EGU2020-20791, updated on 12 Jun 2020
EGU General Assembly 2020
© Author(s) 2020. This work is distributed under
the Creative Commons Attribution 4.0 License.

Yet another in-situ cosmogenic 10-Be local production rate for the British Isles : Llyn Arenig Fach, North Wales

David Fink1, Philip Hughes2, Reka Fulop1, Klaus Wilcken1, Patrick Adams1, and Peter Ryan2
David Fink et al.
  • 1Environment Research, ANSTO, Sydney, 2234, Australia
  • 2Dept of Geography, The University of Manchester, Manchester, M13 9PL, England, UK.

Cosmogenic production rates (PRs) are the essential conversion factor between AMS cosmogenic concentrations and absolute exposure ages. The accuracy of cosmogenic glacial chronologies and reliability in their comparison to other plaeoclimate systems  is largely contingent on the precision and accuracy of the adopted production rate. This is particularly critical in determining past glacial geochronologies at the scale of millennial temporal resolution. Most PR calibrations are carried out at deglaciation sites where radiocarbon provides the independent chronometric control usually based on calibrated 14C ages in basal sediments or varves  from lake or bog cores which is assumed to represent the minimum age for glacial retreat. Under these conditions PRs should be considered as maximum-limiting values. Given that today most AMS facilities can deliver 10-Be, 26-Al and 36-Cl data with analytical errors less than 2%, the accuracy of a PR for a given scaling method (ie transfer function of the site-specific production rate to a reference sea-level high latitude (SLHL) PR) remains largely dependent  on the error in the independent chronology and accuracy of AMS standards. The history over the past 20 years of the ever-changing value of  SLHL 10-Be cosmogenic spallation PRs  with a continual decreasing value from initial estimates of about 7 atoms/g/a to the current  ‘accepted ‘ value of ~4 atoms/g/a,   is an interesting story in itself and demonstrates the complexity in such determinations.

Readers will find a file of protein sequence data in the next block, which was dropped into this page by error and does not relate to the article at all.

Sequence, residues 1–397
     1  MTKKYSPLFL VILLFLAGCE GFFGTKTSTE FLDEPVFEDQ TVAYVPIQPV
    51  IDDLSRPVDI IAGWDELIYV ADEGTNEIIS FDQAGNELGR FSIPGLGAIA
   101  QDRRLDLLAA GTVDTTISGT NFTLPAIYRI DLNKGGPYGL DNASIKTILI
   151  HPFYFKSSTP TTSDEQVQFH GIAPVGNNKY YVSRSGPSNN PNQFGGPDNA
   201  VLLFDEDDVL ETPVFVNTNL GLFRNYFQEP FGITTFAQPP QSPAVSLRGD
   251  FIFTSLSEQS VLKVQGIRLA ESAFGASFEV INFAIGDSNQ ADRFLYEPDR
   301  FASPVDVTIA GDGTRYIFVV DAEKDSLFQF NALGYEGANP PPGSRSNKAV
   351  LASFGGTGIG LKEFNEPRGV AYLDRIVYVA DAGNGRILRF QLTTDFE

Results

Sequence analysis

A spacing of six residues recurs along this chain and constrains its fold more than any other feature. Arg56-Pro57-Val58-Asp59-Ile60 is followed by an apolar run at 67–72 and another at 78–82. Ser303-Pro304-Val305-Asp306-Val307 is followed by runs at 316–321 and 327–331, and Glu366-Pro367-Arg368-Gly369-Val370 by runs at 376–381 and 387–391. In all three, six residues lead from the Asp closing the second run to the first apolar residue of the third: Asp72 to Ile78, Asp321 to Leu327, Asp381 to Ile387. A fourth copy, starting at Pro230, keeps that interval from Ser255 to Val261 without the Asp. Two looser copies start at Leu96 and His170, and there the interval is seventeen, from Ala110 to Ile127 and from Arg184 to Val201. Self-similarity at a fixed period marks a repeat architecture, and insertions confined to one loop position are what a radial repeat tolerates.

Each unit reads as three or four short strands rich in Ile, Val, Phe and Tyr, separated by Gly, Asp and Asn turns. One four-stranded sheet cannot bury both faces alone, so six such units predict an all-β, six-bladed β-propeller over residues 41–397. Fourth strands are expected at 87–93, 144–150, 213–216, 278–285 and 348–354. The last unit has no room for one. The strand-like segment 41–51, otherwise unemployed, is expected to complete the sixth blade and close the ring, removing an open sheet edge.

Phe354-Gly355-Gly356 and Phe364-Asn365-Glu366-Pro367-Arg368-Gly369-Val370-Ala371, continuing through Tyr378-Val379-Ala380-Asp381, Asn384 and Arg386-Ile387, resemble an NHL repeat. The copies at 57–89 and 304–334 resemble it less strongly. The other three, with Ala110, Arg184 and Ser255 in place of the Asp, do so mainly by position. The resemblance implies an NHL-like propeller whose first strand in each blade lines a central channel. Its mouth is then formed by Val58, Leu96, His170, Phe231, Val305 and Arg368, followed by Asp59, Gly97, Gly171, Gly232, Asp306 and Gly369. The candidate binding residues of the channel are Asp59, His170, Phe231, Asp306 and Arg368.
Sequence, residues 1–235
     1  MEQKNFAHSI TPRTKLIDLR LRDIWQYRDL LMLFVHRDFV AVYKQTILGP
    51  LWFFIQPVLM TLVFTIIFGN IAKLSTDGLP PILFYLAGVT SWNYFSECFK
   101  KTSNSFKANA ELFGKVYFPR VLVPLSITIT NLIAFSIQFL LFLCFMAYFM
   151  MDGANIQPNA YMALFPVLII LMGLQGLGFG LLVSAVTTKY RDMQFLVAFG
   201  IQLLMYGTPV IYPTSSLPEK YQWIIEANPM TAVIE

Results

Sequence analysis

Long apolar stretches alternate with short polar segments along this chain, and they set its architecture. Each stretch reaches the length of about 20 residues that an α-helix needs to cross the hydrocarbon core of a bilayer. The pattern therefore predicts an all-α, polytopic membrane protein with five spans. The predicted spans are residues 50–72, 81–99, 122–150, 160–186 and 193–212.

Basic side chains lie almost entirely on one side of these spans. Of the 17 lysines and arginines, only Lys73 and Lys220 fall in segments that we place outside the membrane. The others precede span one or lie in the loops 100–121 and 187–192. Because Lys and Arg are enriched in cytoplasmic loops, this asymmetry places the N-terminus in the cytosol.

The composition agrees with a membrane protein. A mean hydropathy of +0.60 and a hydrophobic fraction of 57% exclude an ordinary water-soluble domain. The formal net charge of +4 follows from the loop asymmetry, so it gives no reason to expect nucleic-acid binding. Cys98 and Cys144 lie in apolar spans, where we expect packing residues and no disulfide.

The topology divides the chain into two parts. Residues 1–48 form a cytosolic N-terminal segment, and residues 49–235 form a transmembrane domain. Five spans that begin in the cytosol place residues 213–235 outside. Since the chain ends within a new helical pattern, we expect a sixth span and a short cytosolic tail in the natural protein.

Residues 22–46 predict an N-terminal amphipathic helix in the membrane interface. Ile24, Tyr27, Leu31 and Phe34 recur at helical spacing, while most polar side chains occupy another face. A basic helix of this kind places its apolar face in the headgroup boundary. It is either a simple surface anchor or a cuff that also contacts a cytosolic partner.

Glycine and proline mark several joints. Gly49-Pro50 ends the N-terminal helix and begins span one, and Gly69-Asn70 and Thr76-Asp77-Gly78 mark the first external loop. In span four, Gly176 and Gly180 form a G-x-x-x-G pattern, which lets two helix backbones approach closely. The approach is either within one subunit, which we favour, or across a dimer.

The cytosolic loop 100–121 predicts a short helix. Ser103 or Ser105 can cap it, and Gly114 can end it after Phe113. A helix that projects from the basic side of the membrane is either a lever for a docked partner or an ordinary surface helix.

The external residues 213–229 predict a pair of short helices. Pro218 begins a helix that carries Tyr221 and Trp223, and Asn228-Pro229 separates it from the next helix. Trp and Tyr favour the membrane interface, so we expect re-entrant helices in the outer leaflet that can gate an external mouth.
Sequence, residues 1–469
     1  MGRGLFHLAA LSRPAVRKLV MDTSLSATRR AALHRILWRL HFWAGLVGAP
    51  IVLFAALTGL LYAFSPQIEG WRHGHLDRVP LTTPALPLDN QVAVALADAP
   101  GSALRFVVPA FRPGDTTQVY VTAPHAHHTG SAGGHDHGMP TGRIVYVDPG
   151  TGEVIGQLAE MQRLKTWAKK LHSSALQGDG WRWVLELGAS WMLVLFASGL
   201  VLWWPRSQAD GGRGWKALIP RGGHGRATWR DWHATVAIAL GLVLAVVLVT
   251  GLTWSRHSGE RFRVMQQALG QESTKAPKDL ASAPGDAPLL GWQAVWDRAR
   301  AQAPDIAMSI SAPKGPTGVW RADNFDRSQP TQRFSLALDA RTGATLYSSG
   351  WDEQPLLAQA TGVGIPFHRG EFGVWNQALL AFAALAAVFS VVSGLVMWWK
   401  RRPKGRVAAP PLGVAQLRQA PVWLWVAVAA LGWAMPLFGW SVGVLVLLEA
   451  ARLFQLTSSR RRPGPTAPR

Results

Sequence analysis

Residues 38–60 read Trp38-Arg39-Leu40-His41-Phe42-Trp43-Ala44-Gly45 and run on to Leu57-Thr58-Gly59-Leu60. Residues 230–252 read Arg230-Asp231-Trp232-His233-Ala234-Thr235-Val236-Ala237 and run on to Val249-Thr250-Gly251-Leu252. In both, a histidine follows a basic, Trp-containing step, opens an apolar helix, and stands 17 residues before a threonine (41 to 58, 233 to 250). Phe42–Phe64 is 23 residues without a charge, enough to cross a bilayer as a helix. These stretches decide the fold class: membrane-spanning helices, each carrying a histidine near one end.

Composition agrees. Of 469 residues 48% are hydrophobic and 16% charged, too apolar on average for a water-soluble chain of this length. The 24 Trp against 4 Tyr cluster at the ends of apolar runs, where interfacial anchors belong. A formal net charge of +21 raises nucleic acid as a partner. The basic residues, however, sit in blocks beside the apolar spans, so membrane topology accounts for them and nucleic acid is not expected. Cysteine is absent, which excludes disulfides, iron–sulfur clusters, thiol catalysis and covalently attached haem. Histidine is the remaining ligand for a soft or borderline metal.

Today there are both global (average) SLHL PRs and also regional-specific PR values (referenced to SLHL). For the British Isles, there are a number of 10-Be ‘British Isles’ choices that, for the Lm scaling scheme, range between 3.92±0.11  atoms/g/a  (Putnam et al., QG, v50, 2019) to 4.41±0.25 atoms/g/a (Small et al., JQS, v30, 2015). This range in 10-Be spallation PRs has recently raised some debate and challenges for the assumed extent and timing of the local-LGM and demise of the British Ice Sheet. This work provides a new  British Isles site specific 10-Be PR from the  Arenig Mountains in North Wales. We have measured 10-Be concentrations in 13 selected moraine boulders that are tentatively mapped as outer and inner Younger Dryas deglacial deposits hugging a cirque lake,  Llyn Arenig Fach,  just below the head wall  at  Arenig Fach.   Radiocarbon dating of basal sediments from a number of intermorainal core bogs has provided independent age control.  We will present our results and compare them to the current collection of other British Isles 10-Be production rates.  

How to cite: Fink, D., Hughes, P., Fulop, R., Wilcken, K., Adams, P., and Ryan, P.: Yet another in-situ cosmogenic 10-Be local production rate for the British Isles : Llyn Arenig Fach, North Wales, EGU General Assembly 2020, Online, 4–8 May 2020, EGU2020-20791,, 2020